Shipments of green onions from three Mexican suppliers whose products have been implicated in recent hepatitis A outbreaks in Georgia and Tennessee are being stopped at the border by the U.S. Food and Drug Administration.
The FDA will then examine the shipments for disease.
It's not known if the same Mexican companies supplied the Beaver Valley Mall Chi-Chi's, where an outbreak of hepatitis A has sickened 540 employees and patrons, but the viral strain found here is very similar to that in the other outbreaks.
Because of that similarity, investigators from the Centers for Disease Control and Prevention believe the viruses could possibly be traced to the same farm or group of infected people.
The FDA is still trying to determine where the Chi-Chi's green onions came from.
They are also trying to trace the green onions that sickened 16 people at two North Carolina restaurants in September.
The agency has advised people concerned about hepatitis A not to eat raw or lightly cooked green onions.
Pennsylvania Department of Health officials still haven't announced that green onions caused the outbreak here, but they are expected to do so today.
Ten new cases of hepatitis A were reported yesterday. The University of Pittsburgh Medical Center reported that one patient had been upgraded from critical to serious condition. One other remained hospitalized at UPMC in fair condition.
Watchdog groups commended the FDA's action stopping the onions at the border, though they also maintained it was overdue.
For years, the FDA has ignored warning signs that green onions are a threat to food safety, said Caroline Smith DeWaal, director of food safety for the Center for Science in the Public Interest. Green onions have been implicated not only in hepatitis outbreaks, but also in illnesses caused by the Shigella bacteria and the parasite Cryptosporidium.
The agency needs more inspectors on the border to perform microbial tests on green onions and other produce, said Karen Taylor Mitchell of Safe Tables Our Priority. The Burlington, Vt., group was formed following a 1993 E. coli bacterial outbreak at Jack in the Box restaurants on the West Coast, where more than 600 were sickened and four died.
Chi-Chi's asks bankruptcy court for permission to pay hepatitis victims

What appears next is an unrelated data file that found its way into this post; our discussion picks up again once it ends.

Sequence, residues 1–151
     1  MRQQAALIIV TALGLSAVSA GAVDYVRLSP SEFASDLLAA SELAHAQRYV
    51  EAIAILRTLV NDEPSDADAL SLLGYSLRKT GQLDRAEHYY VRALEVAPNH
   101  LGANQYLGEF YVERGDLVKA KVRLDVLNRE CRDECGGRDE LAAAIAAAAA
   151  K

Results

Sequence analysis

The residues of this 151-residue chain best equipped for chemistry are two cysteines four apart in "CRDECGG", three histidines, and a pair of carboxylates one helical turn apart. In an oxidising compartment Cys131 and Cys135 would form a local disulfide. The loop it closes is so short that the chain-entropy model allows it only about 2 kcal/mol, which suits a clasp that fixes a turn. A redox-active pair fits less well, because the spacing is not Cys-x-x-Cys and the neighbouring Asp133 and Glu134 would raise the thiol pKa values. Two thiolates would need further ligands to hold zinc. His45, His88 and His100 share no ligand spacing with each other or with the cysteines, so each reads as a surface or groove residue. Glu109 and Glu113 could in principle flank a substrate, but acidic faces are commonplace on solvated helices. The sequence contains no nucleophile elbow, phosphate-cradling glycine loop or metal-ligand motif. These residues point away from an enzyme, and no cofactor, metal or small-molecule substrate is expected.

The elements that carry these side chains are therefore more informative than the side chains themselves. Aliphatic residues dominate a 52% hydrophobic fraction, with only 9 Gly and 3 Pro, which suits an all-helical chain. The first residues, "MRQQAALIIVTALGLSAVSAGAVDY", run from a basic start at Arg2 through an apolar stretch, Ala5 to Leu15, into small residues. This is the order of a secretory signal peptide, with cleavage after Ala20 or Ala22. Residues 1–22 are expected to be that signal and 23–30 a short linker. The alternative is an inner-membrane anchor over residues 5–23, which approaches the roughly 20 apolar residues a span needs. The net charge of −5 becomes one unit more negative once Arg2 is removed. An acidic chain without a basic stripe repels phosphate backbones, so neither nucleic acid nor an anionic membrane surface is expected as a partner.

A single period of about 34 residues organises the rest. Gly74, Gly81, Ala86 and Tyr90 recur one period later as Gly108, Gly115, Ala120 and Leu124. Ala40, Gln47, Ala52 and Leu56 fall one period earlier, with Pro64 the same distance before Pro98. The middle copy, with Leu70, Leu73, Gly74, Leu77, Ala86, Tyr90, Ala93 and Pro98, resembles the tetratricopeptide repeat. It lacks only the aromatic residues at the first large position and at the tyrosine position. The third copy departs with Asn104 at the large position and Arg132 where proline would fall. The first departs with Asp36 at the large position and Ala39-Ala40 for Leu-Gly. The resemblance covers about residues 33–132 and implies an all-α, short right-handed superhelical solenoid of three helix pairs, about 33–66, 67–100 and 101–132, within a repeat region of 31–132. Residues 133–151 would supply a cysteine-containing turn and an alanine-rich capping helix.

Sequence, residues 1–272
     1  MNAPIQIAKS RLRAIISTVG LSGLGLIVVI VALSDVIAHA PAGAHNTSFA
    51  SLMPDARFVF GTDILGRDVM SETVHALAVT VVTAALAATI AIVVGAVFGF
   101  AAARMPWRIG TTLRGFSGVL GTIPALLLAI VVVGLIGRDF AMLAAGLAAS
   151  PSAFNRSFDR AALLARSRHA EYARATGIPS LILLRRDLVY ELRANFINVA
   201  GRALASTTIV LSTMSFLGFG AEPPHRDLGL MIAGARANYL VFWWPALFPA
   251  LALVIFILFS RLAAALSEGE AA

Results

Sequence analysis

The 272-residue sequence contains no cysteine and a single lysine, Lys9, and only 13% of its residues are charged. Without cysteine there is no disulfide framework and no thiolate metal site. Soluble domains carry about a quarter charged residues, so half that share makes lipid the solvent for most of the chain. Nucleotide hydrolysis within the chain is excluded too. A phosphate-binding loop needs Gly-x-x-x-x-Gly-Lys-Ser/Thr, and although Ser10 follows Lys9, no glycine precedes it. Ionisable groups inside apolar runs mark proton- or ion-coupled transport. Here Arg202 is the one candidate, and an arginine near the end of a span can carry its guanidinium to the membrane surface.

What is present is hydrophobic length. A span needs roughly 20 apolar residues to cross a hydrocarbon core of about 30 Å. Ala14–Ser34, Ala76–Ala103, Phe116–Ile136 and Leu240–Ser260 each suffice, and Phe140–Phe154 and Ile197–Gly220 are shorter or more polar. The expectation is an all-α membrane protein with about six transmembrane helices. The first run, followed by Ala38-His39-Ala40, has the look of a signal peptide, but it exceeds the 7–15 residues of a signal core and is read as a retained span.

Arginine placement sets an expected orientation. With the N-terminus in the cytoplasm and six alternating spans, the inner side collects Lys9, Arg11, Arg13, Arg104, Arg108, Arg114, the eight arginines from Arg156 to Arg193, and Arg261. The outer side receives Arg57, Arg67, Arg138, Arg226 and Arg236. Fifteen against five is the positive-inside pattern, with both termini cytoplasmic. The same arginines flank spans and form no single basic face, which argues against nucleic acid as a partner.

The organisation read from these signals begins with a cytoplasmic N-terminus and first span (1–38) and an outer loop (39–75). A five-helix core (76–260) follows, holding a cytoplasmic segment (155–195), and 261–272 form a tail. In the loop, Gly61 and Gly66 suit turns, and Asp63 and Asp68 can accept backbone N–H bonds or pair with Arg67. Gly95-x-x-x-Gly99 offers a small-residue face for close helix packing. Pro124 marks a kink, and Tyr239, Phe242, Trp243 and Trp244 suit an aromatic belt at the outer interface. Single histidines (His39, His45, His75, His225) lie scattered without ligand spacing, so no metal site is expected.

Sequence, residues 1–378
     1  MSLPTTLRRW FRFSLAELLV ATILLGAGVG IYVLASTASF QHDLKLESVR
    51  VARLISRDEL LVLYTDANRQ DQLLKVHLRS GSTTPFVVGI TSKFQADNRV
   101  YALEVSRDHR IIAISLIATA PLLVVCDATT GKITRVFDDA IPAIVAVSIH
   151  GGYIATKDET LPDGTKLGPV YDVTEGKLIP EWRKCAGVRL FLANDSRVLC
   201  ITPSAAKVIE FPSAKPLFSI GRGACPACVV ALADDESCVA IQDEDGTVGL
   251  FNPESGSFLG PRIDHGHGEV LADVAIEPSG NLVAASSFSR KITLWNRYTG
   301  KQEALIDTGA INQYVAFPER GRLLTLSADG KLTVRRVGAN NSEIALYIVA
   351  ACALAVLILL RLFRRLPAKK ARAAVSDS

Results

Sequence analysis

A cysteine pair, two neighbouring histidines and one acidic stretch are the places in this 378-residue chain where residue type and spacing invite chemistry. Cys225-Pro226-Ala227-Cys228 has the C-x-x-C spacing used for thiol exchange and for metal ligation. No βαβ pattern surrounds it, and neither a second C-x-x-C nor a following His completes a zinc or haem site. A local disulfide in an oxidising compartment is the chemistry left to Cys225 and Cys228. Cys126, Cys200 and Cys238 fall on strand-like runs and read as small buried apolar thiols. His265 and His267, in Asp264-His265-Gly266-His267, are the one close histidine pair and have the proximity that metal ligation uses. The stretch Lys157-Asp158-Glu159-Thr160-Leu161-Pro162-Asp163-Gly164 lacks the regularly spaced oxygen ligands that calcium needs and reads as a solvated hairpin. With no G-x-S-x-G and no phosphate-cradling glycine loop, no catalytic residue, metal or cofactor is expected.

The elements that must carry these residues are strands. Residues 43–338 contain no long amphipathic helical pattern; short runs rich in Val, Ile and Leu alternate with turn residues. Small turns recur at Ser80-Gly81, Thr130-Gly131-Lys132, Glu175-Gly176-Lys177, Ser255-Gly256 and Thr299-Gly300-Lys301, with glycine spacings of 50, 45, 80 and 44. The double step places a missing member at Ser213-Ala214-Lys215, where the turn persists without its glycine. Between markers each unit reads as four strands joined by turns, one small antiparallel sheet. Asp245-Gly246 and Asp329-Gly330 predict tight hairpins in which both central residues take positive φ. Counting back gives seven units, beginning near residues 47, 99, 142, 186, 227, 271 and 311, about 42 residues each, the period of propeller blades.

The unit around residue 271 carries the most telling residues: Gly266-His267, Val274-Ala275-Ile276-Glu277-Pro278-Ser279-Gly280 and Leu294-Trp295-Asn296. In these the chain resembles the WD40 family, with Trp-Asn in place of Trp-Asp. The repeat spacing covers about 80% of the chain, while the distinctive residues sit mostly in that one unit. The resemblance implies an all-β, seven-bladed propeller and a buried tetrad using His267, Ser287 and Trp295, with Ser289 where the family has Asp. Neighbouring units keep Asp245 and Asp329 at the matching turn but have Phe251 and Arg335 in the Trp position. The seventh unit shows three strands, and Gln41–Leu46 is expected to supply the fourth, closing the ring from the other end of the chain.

By JOE MANDAK / Associated Press
Chi-Chi's, the Mexican restaurant chain embroiled in a hepatitis A outbreak, has asked a bankruptcy court for permission to pay a $500,000 insurance deductible to free up as much as $51 million in insurance to settle claims by sickened customers and employees.
The 16-page request was filed Wednesday in U.S. Bankruptcy Court in Dover, Del., where the 100-restaurant chain filed for Chapter 11 protection on Oct. 8.
Through Thursday, the Pennsylvania Department of Health had confirmed 540 cases of hepatitis A linked to a restaurant at the Beaver Valley Mall, about 25 miles northwest of Pittsburgh. Three customers have died and at least 12 employees are among those infected at the restaurant, which voluntarily closed through at least Jan. 2.
A hearing on the request could occur as early as Friday before U.S. Bankruptcy Judge Charles Case, though Chi-Chi's creditors don't object to the motion because offering the payments and settling potential lawsuits will help the company's financial condition, said Chi-Chi's bankruptcy attorney, William Lobel, of Newport Beach, Calif.
"Everybody's in favor of it. Part of it is that people really got hurt and we really want to start doing the right thing," Lobel said Thursday.
Chi-Chi's, based in Louisville, Ky., has come under fire for not offering to pay medical expenses and lost wages to those infected.
Seattle-based attorney William Marler, who represented several plaintiffs in the multi-million-dollar Jack in the Box E. coli case in 1993, has already filed three lawsuits in the Chi-Chi's outbreak and says he represents 50 others.